There’s no solicitation for Justice League 3000 in November, and it’s not hard to imagine why. Reworking a first issue from scratch, with a new artist and what sounds like a new tone, undoubtedly isn’t something even one of the Big Two can do on short notice. Instead, DC Comics goes back to the Bat-well both for November’s only new series, and to goose the sales of various superhero titles.
As always, though, there’s enough in the new batch of solicitations to keep us busy this week — so without further ado …
ALWAYS BET ON BLACK
Apparently “Zero Year” will include a “Blackout In Gotham” plot point that can stretch into a dozen other DC titles, including non-Bat-books like Action Comics, Green Arrow, Green Lantern Corps and The Flash. This makes a certain degree of sense, as it takes place back in the “before-time” of the George W. Bush administration, before the various superhero jurisdictions were established, so you’d expect someone like Superman to take a road trip if he thought Gotham needed him. However, thanks largely to this being Scott Snyder and Greg Capullo’s Batman, the blackout — which, as far as I can tell, would otherwise be just one part of one title’s flashback storyline — ends up involving more books than DC’s actual line-wide Big Event, Forever Evil. The latter includes the eponymous miniseries, three ancillary miniseries and the three Justice League books, but only two other ongoing series (Teen Titans and Suicide Squad, each of which has been tied into 4EVEv since it started). The total is “Zero Year” 13, Forever Evil 9, and almost half of the latter’s score is miniseries. Personally, I don’t mind a discrete Big Event, and I’m not surprised that DC would exploit “Zero Year.” I’m just a little surprised at how heavily it seems to be relying on “Zero Year” in November.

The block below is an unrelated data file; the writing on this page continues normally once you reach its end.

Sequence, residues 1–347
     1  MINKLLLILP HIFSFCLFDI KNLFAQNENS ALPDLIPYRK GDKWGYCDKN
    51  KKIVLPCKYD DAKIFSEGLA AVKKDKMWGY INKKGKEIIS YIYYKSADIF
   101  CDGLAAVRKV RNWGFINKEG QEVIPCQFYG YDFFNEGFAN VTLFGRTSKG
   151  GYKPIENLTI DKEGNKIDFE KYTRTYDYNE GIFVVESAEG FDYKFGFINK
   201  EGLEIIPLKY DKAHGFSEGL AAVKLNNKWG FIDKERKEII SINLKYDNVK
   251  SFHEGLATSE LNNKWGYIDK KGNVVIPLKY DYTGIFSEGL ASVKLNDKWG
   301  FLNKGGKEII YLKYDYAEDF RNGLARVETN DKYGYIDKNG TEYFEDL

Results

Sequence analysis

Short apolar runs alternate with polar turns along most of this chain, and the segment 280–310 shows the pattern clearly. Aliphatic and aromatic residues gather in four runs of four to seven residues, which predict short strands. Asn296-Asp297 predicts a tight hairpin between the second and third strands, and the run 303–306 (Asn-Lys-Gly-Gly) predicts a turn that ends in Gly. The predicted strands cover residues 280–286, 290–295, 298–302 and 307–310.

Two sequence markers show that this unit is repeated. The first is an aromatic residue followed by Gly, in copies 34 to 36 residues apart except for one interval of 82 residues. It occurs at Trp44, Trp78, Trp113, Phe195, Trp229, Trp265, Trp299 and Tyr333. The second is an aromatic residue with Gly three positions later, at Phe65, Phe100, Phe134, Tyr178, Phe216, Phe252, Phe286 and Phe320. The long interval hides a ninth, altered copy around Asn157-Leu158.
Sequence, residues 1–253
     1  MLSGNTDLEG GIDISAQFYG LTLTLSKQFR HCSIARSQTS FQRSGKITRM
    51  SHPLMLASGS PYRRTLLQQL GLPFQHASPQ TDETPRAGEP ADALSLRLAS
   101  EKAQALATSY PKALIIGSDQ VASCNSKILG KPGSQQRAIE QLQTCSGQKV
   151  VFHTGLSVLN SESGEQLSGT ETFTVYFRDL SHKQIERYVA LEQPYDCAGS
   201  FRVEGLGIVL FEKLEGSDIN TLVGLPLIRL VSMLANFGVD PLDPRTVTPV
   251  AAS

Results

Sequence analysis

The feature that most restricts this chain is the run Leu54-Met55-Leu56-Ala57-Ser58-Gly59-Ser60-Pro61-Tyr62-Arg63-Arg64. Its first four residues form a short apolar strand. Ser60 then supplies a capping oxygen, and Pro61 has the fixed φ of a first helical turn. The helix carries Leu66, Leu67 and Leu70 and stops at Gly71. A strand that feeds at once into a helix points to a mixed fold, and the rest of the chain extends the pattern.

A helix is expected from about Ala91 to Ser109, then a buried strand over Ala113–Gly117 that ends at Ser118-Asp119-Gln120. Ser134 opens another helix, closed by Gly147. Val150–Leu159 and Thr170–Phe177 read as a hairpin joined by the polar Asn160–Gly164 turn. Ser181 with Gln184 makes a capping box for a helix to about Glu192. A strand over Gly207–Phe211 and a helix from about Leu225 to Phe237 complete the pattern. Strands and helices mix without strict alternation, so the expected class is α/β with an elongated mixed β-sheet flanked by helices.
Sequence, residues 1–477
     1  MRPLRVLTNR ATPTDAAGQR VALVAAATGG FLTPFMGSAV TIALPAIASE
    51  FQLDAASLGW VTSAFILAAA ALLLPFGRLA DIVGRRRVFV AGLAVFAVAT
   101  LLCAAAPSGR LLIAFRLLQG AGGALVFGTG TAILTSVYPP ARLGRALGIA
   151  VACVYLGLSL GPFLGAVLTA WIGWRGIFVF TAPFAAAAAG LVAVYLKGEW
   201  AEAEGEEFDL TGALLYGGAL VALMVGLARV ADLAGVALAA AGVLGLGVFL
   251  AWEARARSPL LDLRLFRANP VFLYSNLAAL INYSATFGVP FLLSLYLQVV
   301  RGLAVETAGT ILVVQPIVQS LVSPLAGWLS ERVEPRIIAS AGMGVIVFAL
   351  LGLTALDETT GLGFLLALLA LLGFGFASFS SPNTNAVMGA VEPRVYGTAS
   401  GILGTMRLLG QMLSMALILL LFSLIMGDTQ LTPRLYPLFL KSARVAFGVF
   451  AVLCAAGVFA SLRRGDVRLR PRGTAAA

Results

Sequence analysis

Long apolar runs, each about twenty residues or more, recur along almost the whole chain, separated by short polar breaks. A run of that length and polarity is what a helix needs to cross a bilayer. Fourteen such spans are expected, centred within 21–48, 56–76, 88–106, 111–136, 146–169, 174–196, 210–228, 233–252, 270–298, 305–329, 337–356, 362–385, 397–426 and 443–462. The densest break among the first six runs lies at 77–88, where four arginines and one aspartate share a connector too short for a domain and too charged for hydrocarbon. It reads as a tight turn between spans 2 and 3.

Rather than continue Batman Incorporated following Grant Morrison’s announced departure, DC Comics will end the series with July’s Issue 13.
The news, revealed in IGN.com’s preview of the Batman solicitations, comes as little surprise, as the title was a vehicle for Morrison and artist Chris Burnham to tell the story of Bruce Wayne’s global team of heroes the writer began in 2010. The first arc volume ended in December 2011, following DC’s New 52 relaunch, with the second volume debuting in May 2012.
It looks like June is shaping up to be pretty big for DC’s superhero comics. There are five new ongoing series, including Superman Unchained, Batman/Superman, Larfleeze, Pandora and, best of all, the return of Astro City. Scott Snyder and Greg Capullo kick off a revised Bat-origin in “Zero Year,” and the Green Lantern books get new creative teams. (There are spoilers for those GL books in the solicitations, but if you’ve been paying attention it’s probably nothing you haven’t already figured out.)
FIRST, AN ENDING
The “Shazam!” conclusion takes up all 40 pages of Justice League #21. It’s been a long time coming — starting way back in Issue 7, getting a 23-page spotlight in Issue 0, and skipping issues 12, 13 and 17. In the end it should clock in just shy of 200 pages, which would have made it a robust nine-issue miniseries. By comparison, Geoff Johns’ and Gary Frank’s Batman: Earth One graphic novel was 138 pages. It may read better as a collection, because it hasn’t always seemed paced for a series of backup stories. Being absent from Issue 17 hasn’t helped either. Still, it should have three straight installments between now and June, so maybe it’ll finish strongly.